The archive is catalogued by 'Politics', 'Economics', 'Mockery', 'In other news' and 'On other things' 


"Who controls the food supply controls the people; who controls the energy can control whole continents; who controls money can control the world" - Henry Kissinger

and yet...

"Sooner or later everyone sits down to a banquet of consequences" – Robert Louis Stevenson

Dear America, Yours Sincerely, Janet

This morning at 4am Eastern Standard Time, Dr Janet Yellen issued the following statement to the press:

My fellow Americans

I feel it is my duty to inform you of certain contradictions in monetary policy that I no longer feel able to tolerate. These exist at the level of mandate, strategy and data, and I will briefly describe them below.

In terms of the dual mandate of the Federal Reserve – to maintain inflation at or about 2%, and to maintain full employment – I must inform you that the tools we have been using for this are hopelessly inadequate.  Indeed the notion that a centralised committee could ever control an economy of 300 million people using models as inadequate as ‘The Philips Curve’, or as crude as the overnight rate, is absurd.

This disconnection from reality becomes accentuated by the fact that our currency, the US dollar, is the world’s reserve currency. Our interest rates, and the cross rates of the dollar with other currencies, particularly those in emerging markets, have enormous impact on the global economy, and cannot be ignored. The net effect of this is that our actions are not independent of political considerations, both here and internationally. I am afraid that you have been misled – the Federal Reserve is not now, and never has been, independent. 

In terms of monetary strategy since the crisis of 2007-2009, I must inform you that our over-arching concern has been the survival of the banks. The power structure in the banks is so powerful, and so intertwined with the political structures in Washington, that had we allowed market forces to complete their verdict on the banks, whilst it would have been possible to ring-fence the productive economy from contagion, it would have collapsed the political system. The powerbrokers on Wall Street, and their major shareholders, would have taken Washington down with them. To use an old colloquialism – they know where all the bodies are buried.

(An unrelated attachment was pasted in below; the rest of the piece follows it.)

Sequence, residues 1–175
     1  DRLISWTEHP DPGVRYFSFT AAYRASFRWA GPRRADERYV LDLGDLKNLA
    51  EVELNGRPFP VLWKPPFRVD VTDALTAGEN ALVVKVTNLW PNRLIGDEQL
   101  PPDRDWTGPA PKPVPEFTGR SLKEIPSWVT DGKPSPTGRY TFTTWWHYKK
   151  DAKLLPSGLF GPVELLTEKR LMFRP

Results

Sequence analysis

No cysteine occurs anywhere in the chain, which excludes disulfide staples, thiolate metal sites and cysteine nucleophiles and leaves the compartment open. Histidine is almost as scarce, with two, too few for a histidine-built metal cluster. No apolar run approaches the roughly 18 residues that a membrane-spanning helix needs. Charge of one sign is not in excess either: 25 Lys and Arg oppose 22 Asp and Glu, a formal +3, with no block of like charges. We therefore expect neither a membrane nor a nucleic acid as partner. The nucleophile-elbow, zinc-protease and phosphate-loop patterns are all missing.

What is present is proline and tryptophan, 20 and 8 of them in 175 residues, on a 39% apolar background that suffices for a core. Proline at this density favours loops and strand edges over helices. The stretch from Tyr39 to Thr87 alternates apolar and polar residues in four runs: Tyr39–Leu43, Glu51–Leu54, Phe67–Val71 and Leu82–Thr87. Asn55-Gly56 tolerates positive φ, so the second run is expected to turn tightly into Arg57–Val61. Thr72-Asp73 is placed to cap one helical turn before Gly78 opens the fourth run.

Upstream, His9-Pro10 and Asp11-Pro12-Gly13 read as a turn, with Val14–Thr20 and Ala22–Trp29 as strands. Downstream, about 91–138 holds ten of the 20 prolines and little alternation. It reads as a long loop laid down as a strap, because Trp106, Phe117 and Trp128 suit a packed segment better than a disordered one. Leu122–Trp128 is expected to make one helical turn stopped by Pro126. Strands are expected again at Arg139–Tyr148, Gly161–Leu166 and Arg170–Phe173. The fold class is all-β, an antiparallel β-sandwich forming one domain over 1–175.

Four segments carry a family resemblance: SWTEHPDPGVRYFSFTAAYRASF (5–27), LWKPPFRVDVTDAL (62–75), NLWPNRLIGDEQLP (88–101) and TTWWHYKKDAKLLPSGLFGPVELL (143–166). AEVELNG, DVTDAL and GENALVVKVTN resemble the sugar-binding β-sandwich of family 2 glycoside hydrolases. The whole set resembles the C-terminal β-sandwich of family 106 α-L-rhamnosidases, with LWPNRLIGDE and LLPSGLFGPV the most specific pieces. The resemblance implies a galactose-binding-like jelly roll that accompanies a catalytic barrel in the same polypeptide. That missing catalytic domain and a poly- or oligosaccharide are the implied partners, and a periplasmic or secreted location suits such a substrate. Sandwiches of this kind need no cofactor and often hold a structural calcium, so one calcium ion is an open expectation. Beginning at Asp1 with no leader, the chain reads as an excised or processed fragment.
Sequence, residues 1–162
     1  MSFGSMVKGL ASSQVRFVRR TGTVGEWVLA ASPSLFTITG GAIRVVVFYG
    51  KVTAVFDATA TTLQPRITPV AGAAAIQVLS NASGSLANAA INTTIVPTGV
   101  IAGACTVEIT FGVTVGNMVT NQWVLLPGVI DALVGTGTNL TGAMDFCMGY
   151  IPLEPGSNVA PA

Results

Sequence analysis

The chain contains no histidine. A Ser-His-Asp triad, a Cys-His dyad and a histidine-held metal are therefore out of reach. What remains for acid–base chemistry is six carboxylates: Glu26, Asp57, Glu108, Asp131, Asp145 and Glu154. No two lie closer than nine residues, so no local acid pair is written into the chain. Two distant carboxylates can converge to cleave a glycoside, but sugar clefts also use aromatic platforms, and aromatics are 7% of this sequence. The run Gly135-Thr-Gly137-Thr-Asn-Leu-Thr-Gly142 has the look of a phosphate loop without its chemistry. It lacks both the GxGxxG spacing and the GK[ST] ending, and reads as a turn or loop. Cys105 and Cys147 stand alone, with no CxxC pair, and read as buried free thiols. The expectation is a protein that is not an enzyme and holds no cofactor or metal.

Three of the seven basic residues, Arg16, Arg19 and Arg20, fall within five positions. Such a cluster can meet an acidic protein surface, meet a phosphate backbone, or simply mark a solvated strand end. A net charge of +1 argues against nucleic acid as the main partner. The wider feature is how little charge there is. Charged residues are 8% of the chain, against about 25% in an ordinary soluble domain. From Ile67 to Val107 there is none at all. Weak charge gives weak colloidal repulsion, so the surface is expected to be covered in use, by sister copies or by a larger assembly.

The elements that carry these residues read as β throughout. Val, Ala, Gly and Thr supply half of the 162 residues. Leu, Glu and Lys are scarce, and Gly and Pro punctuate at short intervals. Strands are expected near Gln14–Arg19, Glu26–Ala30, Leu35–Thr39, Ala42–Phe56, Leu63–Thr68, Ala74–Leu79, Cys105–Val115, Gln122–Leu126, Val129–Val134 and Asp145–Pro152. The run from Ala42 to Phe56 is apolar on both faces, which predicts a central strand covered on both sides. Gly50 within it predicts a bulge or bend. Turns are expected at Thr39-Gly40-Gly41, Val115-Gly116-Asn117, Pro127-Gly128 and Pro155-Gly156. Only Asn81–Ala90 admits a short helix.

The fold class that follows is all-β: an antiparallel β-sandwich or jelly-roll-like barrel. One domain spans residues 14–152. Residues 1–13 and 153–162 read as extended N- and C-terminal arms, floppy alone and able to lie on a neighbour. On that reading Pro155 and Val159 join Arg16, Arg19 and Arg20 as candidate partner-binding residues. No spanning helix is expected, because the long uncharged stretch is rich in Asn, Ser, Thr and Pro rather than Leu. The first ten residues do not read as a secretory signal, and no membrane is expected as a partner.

The notions of ‘trickle down’ and ‘the wealth effect’ were misdirection propagated by my predecessor, supported by myself. The bulk of QE has been held inside the system as reserves. Its effects have primarily been to immunise Wall Street from the possibility of losses, facilitate increased leverage, and enable those already ‘asset rich’ to gain from front-running what has effectively been a ‘sure thing’.

Turning finally to data: The employment figures are inflated and bear no relationship to the number of Americans who are under-employed, doing multiple part-time jobs, or have simply been discounted by the system. Similarly, the inflation figures bear no relationship to what normal people refer to as ‘the cost of living’; instead they fulfil the function of holding down automatic increases in government benefits and entitlements, whilst inflating the real cost of living for normal people, particularly those struggling to meet healthcare costs or put their children through college. The inflation figures fulfil the function of facilitating the continued sustainability of government debt – what Keynes might have described as ‘default through inflation’, although recent generations of economists have overlooked that aspect of his writings.

In short, we have ignored a phenomenon that all good scientists should be aware of – when a useful measure becomes a target, particularly an isolated one - it ceases to be a useful measure. It becomes the focal point for ‘goal-seeking’ behaviour. The information it provides loses its objective basis and becomes a tool of obfuscation rather than revelation. If I am to be completely honest with you - government statistics are dishonest.

In conclusion, I have been dishonest with you, the American People; as has your Congress and your Executive branch of government. It is with sadness, but relief, that I tender my immediate resignation from the Board of the Federal Reserve. My final recommendation is that a full audit of the Fed’s activities over the past ten years be carried out by a independent enquiry led by a nationally respected figure, acceptable to both parties and both houses – if such a person can be found. I apologise unreservedly for my part in what might truthfully be described as a fraud on the American people, and I will provide my full co-operation with the inevitable enquiry that will follow.

Dr Janet Yellen, Chairperson of the Board of Governors of the Federal Reserve

At 4.10am, Dr Yellen awoke in a cold sweat. After describing her nightmare to her husband, fellow economist and Nobel Prize Winner George Akerlof, during which they shared a soothing pot of camomile tea - she concluded it was nothing more significant than last night’s sushi, and resolved to dine earlier in future. She showered, put on her house-robe and went to her study to review the daily spread sheets, before leaving for the office at 6.30am. Normal service was resumed.

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